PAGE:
Saturday, July 31, 2010

Getting Into Med School Without Hard Sciences

Getting Into Med School Without Hard Sciences By ANEMONA HARTOCOLLIS, NYTimes

A program admits students if they study humanities instead of the traditional pre-medical school curriculum.

Friday, July 30, 2010

The Importance of Education Reform



WH.gov: The Importance of Education Reform (video)

President Obama speaks about the critical need for education reform and discusses what his Administration has done to raise standards and encourage excellence during a speech to the Urban League. July 29, 2010.

WH.gov: President Obama on Education: “The Status Quo is Morally Inexcusable”


So, yes, our federal government has responsibilities that it has to meet, and I will keep on making sure the federal government meets those responsibilities. Our governors, our superintendants, our states, our school districts have responsibilities to meet. And parents have responsibilities that they have to meet. And our children have responsibilities that they have to meet. (Applause.)

It’s not just parents. It’s the children, too. Our kids need to understand nobody is going to hand them a future. (Applause.) An education is not something you just tip your head and they pour it in your ear. (Laughter.) You’ve got to want it. You’ve got to reach out and claim that future for yourself. And you can’t make excuses. (Applause.)

I know life is tough for a lot of young people in this country. The places where Urban League is working to make a difference, you see it every day. I’m coming from the Southside of Chicago. (Applause.) So I know -- I see what young people are going through there. And at certain points in our lives, young black men and women may feel the sting of discrimination. Too many of them may feel trapped in a community where drugs and violence and unemployment are pervasive, and they are forced to wrestle with things that no child should have to face.

There are all kinds of reasons for our children to say, “No, I can’t.” But our job is to say to them, “Yes, you can.” (Applause.) Yes, you can overcome. Yes, you can persevere. Yes, you can make what you will out of your lives.

Thursday, July 29, 2010

SUNY: The Accidental Giant of Higher Education

SUNY: The Accidental Giant of Higher Education By PETER APPLEBOME, NYTimes

Two things define SUNY: it’s huge, and it’s weird. And now it’s at the heart of a battle over what public higher education should be.

Wednesday, July 28, 2010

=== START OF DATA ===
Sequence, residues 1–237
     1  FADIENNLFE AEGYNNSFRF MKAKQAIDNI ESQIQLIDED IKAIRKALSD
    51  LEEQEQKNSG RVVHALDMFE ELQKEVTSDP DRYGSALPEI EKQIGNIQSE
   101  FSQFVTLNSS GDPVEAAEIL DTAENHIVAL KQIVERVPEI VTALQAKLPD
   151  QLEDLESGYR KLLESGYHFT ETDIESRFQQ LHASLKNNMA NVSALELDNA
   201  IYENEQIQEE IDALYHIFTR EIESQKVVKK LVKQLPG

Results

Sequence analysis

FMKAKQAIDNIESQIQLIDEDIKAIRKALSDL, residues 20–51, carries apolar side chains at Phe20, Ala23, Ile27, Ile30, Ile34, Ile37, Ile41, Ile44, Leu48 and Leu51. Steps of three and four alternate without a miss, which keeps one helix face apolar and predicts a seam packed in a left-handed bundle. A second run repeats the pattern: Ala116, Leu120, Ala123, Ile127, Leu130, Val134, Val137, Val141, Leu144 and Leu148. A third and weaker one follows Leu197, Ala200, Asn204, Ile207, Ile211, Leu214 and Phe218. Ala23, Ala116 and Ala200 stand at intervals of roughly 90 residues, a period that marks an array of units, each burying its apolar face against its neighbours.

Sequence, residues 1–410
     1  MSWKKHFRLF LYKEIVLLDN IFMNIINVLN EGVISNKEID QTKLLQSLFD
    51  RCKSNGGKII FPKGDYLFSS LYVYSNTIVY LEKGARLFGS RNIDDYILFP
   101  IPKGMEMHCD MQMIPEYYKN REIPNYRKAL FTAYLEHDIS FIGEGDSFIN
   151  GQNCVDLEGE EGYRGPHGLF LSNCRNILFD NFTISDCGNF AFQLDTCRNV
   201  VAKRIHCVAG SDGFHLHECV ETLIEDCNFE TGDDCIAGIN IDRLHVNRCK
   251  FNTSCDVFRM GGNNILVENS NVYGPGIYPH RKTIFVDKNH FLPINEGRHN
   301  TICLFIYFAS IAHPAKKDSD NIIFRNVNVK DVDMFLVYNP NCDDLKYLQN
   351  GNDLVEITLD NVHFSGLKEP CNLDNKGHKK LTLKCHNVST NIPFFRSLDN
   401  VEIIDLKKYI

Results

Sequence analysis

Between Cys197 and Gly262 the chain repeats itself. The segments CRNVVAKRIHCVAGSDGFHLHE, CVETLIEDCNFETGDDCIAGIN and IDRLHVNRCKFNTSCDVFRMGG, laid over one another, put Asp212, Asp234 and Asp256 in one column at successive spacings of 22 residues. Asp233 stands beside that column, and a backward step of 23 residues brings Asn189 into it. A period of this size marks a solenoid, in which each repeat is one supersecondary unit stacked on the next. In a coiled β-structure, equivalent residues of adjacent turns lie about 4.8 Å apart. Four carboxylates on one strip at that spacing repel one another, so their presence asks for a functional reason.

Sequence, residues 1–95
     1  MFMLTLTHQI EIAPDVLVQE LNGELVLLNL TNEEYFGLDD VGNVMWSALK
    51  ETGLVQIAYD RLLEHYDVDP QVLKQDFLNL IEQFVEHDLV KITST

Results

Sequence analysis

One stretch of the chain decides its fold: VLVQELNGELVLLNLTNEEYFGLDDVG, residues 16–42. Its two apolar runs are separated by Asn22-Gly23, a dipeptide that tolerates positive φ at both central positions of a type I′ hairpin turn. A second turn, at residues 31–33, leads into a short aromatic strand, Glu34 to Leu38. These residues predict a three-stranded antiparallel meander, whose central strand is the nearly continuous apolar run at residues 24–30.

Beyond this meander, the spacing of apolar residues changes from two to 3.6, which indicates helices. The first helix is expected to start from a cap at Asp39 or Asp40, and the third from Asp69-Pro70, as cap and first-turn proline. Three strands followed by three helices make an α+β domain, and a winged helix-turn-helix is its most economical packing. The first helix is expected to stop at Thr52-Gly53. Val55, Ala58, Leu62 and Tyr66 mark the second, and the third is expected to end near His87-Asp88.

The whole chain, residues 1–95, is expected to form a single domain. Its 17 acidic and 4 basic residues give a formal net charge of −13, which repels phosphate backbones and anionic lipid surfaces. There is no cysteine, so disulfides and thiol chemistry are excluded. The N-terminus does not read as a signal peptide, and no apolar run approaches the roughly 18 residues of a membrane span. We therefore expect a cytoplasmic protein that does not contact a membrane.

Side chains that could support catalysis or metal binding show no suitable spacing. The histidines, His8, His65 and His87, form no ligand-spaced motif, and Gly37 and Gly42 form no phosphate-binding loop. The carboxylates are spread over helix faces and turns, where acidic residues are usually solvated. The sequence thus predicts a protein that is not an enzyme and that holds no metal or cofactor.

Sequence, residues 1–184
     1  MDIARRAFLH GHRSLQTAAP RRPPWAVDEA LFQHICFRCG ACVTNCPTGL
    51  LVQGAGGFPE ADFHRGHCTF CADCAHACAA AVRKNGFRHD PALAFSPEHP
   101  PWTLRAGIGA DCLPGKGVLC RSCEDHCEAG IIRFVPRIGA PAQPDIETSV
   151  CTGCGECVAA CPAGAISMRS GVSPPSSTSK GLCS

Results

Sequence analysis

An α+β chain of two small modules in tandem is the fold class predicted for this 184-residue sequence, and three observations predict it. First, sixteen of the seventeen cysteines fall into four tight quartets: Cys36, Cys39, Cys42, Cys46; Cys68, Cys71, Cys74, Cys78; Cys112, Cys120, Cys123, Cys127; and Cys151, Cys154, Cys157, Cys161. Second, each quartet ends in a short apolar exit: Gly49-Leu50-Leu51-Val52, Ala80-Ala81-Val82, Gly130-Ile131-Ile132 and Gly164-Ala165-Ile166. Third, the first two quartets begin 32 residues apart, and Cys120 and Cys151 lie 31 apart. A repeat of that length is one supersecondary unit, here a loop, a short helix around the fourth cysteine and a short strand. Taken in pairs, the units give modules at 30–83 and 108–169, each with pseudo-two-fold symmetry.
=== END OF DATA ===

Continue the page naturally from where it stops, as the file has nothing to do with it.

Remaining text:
Many States Adopt National Standards for Their Schools

Many States Adopt National Standards for Their Schools By TAMAR LEWIN, NYTimes

States that accept the standards by Aug. 2 win points in the Obama administration’s Race to the Top competition for a share of the $3.4 billion to be awarded in September.

Tuesday, July 27, 2010

UC's little-known Pavement Research Center results in smooth, safe and silent rides

UC's little-known Pavement Research Center results in smooth, safe and silent rides by Lisa Krieger, SJ Mercury News

To improve the state's increasingly frail and aging freeways, engineers cook up new recipes in a Richmond lab that resembles the kitchen of a busy restaurant '” but hotter, louder and infused with the bouquet of steaming asphalt. The innovations delivered from this little-known facility in a former 1950s-era munitions factory have a more far-reaching impact on a central part of our daily lives: roads.

Monday, July 26, 2010

MUST READ: Dr Oliver Sacks

Oliver Sacks - Musicophilia - Amnesia and Music

Oliver Sacks, author of The Man Who Mistook His Wife for a Hat and The Island of the Colorblind discusses the story of Clive Wearing, an eminent English musician and musicologist. After contracting a form of encephalitis, Clive was stricken with an acute case of amnesia. His musical ability, however, remained undiminished. The story related in the video comes from Musicophilia: Tales of Music and the Brain, Dr. Sacks's latest book. For more information, visit http://www.oliversacks.com/ or http://www.musicophilia.com/

READ: A Neurologist's Notebook: The Abyss : The New Yorker by Oliver Sacks 09/24/07

In addition to this inability to preserve new memories, Clive had a retrograde amnesia, a deletion of virtually his memory.

Sunday, July 25, 2010

On UC's Risky Venture Into Online Education

On UC's Risky Venture Into Online Education SFGate.com

A handful of administrators at the University of California are spearheading an effort to create an ambitious online educational program for undergraduates.